He said his forecast was based on Amazon’s decision last month to prohibit the use of Visa credit cards in the United Kingdom due to excessive transaction costs. Both Visa and Mastercard have been underperformers in 2021, with stock values nearly flat year-to-date compared to the S&P 500’s almost 27 percent increase.
A former Facebook executive, Palihapitiya is CEO of Social Capital, a Menlo Park-based venture capital firm which he founded in 2011 to invest in companies in fields being ignored by other venture capitalists, like health, financial services, and education. The firm has since expanded to also invest in tech companies like Amazon, Tesla, and Slack. In 2018, Palihapitiya closed his VC funds to new investors.
The 45-year-old, who often describes himself as the Warren Buffett of the new generation, is one of the main proponents of SPAC (Special-Purpose Acquisition Companies), one of the hottest trends among dealmakers in Silicon Valley. Through his SPAC group Social Capital Hedosophia, Palihapitiya has sponsored six such companies, raised a total of $4.34 billion, and acquired businesses across several sectors including space travel, health insurance, financial services and real estate. Through Social Capital Hedosophia Holdings I, he took Virgin Galactic public and made it the first listed human spaceflight company. In January 2021, Social Capital filed for seven new SPACs. His extensive investments in them gained him the nickname of “SPAC king” during the pandemic.
Before founding Social Capital, he served on Facebook’s senior management team in several capacities, most recently as the vice president of User Growth, Mobile & International. During his four years at the company, he is credited with helping orchestrate the social media platform’s massive growth. Before that, he worked at AOL and became the company’s youngest vice president while heading AOL’s Instant Messenger division. Palihapitiya first entered the venture capital world in 2006 as a principal at Mayfield Fund.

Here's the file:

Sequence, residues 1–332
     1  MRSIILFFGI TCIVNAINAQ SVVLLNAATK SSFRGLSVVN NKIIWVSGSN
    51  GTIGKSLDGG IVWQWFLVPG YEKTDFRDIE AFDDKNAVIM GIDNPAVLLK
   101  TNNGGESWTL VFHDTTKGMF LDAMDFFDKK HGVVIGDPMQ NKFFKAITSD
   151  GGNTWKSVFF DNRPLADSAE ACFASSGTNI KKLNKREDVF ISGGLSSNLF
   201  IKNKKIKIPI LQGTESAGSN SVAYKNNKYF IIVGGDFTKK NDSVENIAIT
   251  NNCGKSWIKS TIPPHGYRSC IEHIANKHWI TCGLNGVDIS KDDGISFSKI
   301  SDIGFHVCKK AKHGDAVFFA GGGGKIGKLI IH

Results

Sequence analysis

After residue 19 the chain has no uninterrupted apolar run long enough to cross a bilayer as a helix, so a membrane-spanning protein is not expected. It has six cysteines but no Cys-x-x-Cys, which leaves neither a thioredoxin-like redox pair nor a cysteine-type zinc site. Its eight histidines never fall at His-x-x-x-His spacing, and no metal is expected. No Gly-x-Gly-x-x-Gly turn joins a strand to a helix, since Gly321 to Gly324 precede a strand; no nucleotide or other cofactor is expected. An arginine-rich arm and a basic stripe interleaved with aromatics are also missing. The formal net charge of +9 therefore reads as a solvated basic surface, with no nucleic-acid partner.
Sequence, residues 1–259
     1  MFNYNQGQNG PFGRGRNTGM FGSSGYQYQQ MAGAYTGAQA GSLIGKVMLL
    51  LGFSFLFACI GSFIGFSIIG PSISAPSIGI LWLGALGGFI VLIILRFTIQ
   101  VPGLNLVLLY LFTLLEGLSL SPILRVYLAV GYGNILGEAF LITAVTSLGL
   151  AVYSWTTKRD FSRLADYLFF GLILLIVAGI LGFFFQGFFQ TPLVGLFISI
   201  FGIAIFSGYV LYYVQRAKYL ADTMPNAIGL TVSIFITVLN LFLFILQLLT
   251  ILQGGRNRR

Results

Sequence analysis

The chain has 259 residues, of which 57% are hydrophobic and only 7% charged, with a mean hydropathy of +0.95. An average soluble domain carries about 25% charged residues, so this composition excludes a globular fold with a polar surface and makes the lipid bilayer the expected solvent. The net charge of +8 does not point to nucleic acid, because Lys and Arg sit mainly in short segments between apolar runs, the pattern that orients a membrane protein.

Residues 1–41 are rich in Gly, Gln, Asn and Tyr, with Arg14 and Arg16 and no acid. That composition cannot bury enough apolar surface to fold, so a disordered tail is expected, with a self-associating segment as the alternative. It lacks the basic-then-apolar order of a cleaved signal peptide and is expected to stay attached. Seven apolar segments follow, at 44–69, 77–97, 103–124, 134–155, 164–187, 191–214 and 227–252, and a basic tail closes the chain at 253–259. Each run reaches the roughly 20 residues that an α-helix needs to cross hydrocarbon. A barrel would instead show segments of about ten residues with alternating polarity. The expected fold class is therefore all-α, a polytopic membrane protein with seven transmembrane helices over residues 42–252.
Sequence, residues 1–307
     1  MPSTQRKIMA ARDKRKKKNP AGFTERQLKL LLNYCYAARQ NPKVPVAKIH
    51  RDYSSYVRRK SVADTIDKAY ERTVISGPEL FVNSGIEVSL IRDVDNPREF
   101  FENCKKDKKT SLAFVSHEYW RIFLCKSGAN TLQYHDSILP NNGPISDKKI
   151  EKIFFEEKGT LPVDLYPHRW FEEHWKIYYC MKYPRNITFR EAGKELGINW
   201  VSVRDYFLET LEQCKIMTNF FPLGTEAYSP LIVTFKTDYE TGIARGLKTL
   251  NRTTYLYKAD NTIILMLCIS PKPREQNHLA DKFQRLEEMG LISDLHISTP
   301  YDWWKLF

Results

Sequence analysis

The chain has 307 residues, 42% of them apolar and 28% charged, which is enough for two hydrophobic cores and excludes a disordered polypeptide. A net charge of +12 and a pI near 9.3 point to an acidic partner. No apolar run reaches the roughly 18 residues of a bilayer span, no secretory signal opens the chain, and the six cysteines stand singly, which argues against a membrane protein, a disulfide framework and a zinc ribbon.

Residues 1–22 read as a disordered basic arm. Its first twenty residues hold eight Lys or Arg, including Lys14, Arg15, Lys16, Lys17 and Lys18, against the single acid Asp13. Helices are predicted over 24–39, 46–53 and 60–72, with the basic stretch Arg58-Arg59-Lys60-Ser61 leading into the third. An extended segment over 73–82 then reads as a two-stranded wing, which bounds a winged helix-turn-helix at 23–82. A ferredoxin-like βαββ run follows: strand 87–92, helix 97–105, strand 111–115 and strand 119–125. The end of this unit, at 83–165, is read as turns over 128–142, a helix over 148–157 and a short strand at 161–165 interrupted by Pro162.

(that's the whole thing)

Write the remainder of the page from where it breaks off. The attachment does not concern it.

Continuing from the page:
Born in Sri Lanka, Palihapitiya moved with his family to Canada at age 6. He attended Lisgar Collegiate Institute and graduated at the age of 17. After graduating from the University of Waterloo in 1999 with a degree in electrical engineering, he worked for a year as a derivatives trader at the investment bank BMO Nesbitt Burns.
He moved to California to be with his then-girlfriend, Brigette Lau, and they later married. In 2018, he filed for divorce. He currently lives in California with his girlfriend Nathalie Dompe, an Italian pharmaceutical heiress and model.
A poker player of international repute, he has three World Series of Poker (WSOP) and two World Poker Tour (WPT) wins. In 2011, he finished 101st out of 6,865 entries in the World Series of Poker’s Main Event.
(Top photo, Virgin Galactic leaders founder Richard Branson and Chairman Chamath Palihapitiya in front of New York Stock Exchange earlier this month. Courtesy Virgin Galactic)